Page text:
Wednesday, March 20, 2019

DOL: Complying with state wage and hour exemptions is not enough

Last week, the U.S. Department of Labor issued an opinion letter (FLSA2019-1). The employer is located in  New York, which has a state law exemption from overtime pay requirements for "residential janitors." The federal Fair Labor Standards Act does not include an exemption for residential janitors. Does the employer have to pay the residential janitors overtime?

Simply put, where state and federal wage and hour laws are different, the employer must generally comply with both of them, and "meet the standard of whichever law gives the employee the greatest protection."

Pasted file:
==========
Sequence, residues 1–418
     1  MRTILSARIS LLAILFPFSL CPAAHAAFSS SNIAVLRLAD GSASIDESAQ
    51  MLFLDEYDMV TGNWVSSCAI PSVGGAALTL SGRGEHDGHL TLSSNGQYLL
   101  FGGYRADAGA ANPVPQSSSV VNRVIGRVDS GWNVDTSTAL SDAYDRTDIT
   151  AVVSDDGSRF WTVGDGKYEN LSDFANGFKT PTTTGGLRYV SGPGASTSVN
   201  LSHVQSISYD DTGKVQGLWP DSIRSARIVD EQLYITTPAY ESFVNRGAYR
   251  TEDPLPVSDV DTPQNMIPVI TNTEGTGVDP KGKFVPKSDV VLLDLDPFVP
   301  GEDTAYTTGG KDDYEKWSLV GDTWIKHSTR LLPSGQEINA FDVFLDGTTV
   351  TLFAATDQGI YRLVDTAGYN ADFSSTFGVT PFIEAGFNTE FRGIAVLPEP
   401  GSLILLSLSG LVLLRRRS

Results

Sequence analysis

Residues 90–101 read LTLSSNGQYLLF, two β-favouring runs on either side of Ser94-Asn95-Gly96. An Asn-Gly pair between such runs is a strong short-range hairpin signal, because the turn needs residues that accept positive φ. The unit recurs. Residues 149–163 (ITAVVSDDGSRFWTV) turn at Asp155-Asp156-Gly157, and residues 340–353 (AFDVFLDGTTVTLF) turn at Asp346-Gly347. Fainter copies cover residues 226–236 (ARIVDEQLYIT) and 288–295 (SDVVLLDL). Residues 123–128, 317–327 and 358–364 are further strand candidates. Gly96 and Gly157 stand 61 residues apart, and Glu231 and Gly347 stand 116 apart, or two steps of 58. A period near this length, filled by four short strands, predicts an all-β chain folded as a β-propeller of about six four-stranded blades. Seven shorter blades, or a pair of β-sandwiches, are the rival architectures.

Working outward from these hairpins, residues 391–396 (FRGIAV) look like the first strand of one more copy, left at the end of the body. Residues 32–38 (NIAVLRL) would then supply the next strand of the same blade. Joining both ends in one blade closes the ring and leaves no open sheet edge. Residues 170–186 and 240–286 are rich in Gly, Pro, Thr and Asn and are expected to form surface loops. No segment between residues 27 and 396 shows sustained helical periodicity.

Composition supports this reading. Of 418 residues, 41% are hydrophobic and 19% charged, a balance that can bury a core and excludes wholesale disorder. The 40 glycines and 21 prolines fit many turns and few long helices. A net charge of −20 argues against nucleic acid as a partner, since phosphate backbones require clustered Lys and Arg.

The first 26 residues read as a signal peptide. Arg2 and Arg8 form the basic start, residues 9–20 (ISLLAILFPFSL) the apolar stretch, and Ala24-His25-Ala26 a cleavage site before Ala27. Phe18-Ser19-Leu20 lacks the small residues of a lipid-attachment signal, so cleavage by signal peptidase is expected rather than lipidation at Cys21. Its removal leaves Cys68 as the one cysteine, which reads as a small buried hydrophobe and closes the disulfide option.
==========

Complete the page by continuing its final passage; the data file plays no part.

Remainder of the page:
Not official use.

The FLSA allows employees to collect liquidated damages, but if the employer acted in "good faith" then a court may deny liquidated damages. DOL "does not believe that relying on a state law exemption from state law minimum wage and overtime requirements is a good faith defense to noncompliance with the FLSA, but a court retains discretion to make that determination on a case-by-case basis."

The letter notes that the statute of limitations for FLSA claims is extended from 2 years to 3 years for a "willful violation." The letter, however, does not expressly address whether reliance on a state law exemption is sufficient to limit recovery to two years - this is likely a fact-based inquiry dependent on whether the employer "knew that its conduct was prohibited" or "showed reckless disregard for the requirements."

Bottom line: employers (and their attorneys) must be familiar with, and comply with, federal, state, and local wage and hour laws.

No comments:

Post a Comment